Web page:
Dearborn Islamic Mosque American Muslim Society

Information about this center is no longer updated. This data was last updated on 5 August 2002.

Phone: 313-842-9000
Research Conducted by The University of Michigan-Dearborn Pluralism Project.


During the 1920s, Middle Eastern workers followed the Ford Motor Company from its Highland Park plant to a new facility, the Rouge Plant, in Dearborn's Southend. While the first mosque in metropolitan Detroit had been established in Higland Park, the need for a religious center in Dearborn became apparent to Ford Motor Company employees who lived near the Rouge Plant and wanted a place to practice Islam. Many of those involved in founding the new center were Sunni Muslims from Lebanon's Bekaa Valley, and in addition to the men the center's Women's Society played an active role in the early years raising funds for the new building. By 1937, under the spiritual leadership of Imam Hussein Karoub, the ground floor of the building was completed. Further construction continued into the 1950s, adding a first-floor prayer hall, lecture hall, office, and a large dome. Following Imam Karoub's retirement, Sheikh Ahmed Mehanna, an Egyptian, became imam from 1959-1964.


Over the years, the composition of the mosque has broadened considerably from the original Lebanese affiliates to include Iraqis, Pakistanis, Palestinians, and white Americans. There are especially large numbers of Muslims from Yemen who have moved into the surrounding area and attend the mosque. In addition, African Americans from Detroit who want to live and raise their families in a more Muslim neighborhood have also settled in the area. Therefore, those attending the American Muslim Society are now a diverse group.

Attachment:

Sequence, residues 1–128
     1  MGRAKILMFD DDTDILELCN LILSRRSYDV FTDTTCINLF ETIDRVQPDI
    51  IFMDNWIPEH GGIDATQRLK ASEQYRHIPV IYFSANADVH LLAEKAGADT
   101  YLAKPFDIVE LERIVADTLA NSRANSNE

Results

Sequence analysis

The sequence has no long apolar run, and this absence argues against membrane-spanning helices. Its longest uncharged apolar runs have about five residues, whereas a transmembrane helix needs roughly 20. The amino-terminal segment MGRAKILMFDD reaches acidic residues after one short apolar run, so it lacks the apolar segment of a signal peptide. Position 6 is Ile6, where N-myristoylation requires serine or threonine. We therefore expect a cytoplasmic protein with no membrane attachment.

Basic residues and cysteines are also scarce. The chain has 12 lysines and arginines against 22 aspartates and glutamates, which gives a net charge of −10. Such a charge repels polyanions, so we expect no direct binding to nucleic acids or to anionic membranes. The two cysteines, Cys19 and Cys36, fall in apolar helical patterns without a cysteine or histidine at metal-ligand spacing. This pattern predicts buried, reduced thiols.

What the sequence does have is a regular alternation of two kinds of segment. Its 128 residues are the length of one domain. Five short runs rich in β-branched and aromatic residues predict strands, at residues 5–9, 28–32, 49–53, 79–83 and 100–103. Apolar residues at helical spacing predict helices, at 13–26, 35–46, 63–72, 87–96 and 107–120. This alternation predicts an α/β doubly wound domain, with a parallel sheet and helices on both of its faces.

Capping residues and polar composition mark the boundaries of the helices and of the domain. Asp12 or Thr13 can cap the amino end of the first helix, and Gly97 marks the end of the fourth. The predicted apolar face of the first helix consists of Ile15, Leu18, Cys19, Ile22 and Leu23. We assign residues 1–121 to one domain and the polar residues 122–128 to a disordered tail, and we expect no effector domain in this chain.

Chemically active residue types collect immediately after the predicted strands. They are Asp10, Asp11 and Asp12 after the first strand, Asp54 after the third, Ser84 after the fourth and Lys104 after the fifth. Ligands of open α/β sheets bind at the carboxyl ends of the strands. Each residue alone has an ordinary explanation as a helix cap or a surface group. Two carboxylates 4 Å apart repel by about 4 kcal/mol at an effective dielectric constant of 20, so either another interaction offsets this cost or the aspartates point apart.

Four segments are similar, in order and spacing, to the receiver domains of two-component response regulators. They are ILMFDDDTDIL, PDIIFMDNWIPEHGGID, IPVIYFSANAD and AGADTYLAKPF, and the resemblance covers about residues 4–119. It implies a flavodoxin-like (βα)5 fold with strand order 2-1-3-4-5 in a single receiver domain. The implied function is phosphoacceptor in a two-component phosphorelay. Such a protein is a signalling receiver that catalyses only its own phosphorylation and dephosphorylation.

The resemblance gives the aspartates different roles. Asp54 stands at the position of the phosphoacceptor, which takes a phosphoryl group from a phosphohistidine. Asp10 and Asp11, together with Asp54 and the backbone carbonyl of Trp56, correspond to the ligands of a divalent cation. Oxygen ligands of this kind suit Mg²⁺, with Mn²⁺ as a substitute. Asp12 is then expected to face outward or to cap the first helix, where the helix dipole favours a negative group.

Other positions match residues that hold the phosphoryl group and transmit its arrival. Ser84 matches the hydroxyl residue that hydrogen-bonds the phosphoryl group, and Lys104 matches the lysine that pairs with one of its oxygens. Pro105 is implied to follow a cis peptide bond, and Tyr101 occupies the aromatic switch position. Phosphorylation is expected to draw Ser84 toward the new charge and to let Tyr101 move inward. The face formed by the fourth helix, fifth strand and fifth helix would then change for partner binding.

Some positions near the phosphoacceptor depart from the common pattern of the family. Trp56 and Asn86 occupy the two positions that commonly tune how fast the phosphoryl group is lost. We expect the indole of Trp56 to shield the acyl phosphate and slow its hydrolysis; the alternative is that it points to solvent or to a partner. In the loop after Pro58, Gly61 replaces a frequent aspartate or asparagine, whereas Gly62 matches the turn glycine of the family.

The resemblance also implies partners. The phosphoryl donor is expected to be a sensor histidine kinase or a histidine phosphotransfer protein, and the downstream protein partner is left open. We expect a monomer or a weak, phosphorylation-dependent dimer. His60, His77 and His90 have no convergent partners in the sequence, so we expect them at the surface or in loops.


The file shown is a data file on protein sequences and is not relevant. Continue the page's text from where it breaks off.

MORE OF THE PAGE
The building occupied by the American Muslim Society is an elongated vertical brick building with three floors. It is presently being enlarged. On the main floor of the building is a lobby, a kitchen and several bathrooms. On the upper level is the main prayer room and the imam's office. In the basement is the prayer room for women and several classrooms.

Surrounding Area

Much of the neighborhood surrounding the center is an industrial area of Dearborn known as the "Southend." In it are located several industries including the Ford Rouge plant and the Dearborn Sausage Company. Despite the problems associated with air and noise pollution, there are residential streets and the area is home to a variety of Middle Eastern markets, restaurants, bakeries, and social service agencies.

Conflicts and Adaptations

The history of the American Muslim Society exhibits much of the tension between recent immigrants and those who constitute the second and third generations in immigrant families. There have been significant differences in attitude and practice with respect to attending Friday prayer, fasting during Ramadan, and praying five times a day. As Muslims in Detroit became assimilated into American culture, the more recent immigrants attending the American Muslim Society have returned the center to a type of mosque associated with early Islam, therefore excluding many of the social functions (weddings, funerals, cultural events, and community activities) that had come to be associated with it and American religious centers in general.


In addition to prayers, the center sponsors weekend lectures, classes on Islam, and instruction in the Arabic language. It is not involved in any interfaith activities.